Tito Sees Asia Staying Neutral; McCormack Rates Kennedy High; Pope Calls Church-wide Council
COLOMBO, Ceylon, Jan. 25--President Tito says his tour of the self-proclaimed neutralist Asian belt has convinced him this area will remain "uncommitted and independent."
Tito summed up what may be the underlying purpose of his junket in telling Yugoslav newsmen who accompanied him: "The general impression from these countries is that they firmly will adhere to their attitude on foreign policy problems and international relations, that they are uncommitted and independent countries, and that they fight to lessen international tension."
Tito struck a popular chord among neutralist Asians in denouncing colonialism, by preaching independence and urging non-alignment.
Kennedy Considered for 1960
WASHINGTON, Jan. 25--Rep. John W. McCormack (D-Mass.) rates Sen. John F. Kennedy of Massachusetts the strongest Democratic presidential candidate for 1960. He predicts Vice President Richard M. Nixon will be the Republican nominee.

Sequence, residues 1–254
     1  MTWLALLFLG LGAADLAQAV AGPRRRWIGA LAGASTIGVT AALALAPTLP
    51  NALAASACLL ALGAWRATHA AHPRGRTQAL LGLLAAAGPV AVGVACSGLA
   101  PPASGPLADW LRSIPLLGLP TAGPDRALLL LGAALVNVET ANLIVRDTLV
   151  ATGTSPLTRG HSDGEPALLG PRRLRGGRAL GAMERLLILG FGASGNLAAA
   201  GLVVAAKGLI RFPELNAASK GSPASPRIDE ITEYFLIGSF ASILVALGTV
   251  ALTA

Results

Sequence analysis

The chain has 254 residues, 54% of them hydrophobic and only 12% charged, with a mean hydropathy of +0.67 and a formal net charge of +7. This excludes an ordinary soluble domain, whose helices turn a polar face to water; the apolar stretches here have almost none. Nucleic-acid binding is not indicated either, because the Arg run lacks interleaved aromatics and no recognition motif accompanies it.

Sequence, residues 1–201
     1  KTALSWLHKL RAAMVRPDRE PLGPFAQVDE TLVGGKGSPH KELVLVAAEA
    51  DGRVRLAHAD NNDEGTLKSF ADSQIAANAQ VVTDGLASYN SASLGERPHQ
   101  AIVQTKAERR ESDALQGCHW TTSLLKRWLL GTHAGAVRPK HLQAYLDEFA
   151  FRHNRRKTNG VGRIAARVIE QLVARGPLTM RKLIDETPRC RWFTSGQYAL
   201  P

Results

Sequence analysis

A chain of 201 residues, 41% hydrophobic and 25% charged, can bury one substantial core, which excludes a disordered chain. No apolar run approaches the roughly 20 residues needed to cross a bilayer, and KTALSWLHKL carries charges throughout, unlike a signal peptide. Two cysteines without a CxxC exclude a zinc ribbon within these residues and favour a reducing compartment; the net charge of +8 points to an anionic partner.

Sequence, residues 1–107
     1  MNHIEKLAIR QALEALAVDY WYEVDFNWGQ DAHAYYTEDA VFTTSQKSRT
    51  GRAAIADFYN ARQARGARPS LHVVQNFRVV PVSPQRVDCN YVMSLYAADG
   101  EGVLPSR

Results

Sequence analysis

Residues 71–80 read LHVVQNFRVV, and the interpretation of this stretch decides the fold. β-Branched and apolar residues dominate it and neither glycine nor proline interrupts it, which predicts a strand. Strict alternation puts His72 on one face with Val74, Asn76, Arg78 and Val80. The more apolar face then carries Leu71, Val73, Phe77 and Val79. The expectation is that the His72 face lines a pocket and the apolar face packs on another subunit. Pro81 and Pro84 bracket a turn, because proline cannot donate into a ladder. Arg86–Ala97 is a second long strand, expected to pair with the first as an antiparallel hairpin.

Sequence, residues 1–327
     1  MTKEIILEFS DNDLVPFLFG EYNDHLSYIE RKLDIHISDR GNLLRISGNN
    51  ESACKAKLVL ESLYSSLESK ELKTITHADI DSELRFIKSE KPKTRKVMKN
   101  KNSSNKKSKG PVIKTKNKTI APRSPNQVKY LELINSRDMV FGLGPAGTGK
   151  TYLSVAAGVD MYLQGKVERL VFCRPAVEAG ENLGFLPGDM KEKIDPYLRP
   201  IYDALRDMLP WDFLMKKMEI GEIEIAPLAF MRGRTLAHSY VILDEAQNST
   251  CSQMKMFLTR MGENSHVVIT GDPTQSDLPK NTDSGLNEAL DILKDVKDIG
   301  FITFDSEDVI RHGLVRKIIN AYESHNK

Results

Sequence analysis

McCormack, who is the House majority leader, said Sunday Adlai Stevenson would be "the weakest candidate we could nominate.""
Nixon will get the Republican nomination, McCormack predicted, because he said President Eisenhower has let him take over "pretty good control of the party machinery" including influence on appointments, patronage and other matters.
Pope John Summons Clericals
VATICAN CITY, Jan. 25--Pope John XXIII Sunday summoned an ecumenical council of the Roman Catholic Church aimed at uniting the Christian forces of the world.
The wording of the Vatican statement indicated that Christian churches outside the Roman Catholic Church may be invited to participate in the council.
The call by Pope John for an ecumenical council underscores the urgency that he feels for the state of Christian unity today.
This concern is especially deep over the Orthodox Church in the Soviet Union and the Catholic Church in Red China, where efforts to create a separate Communist-dominated church threatens a schism.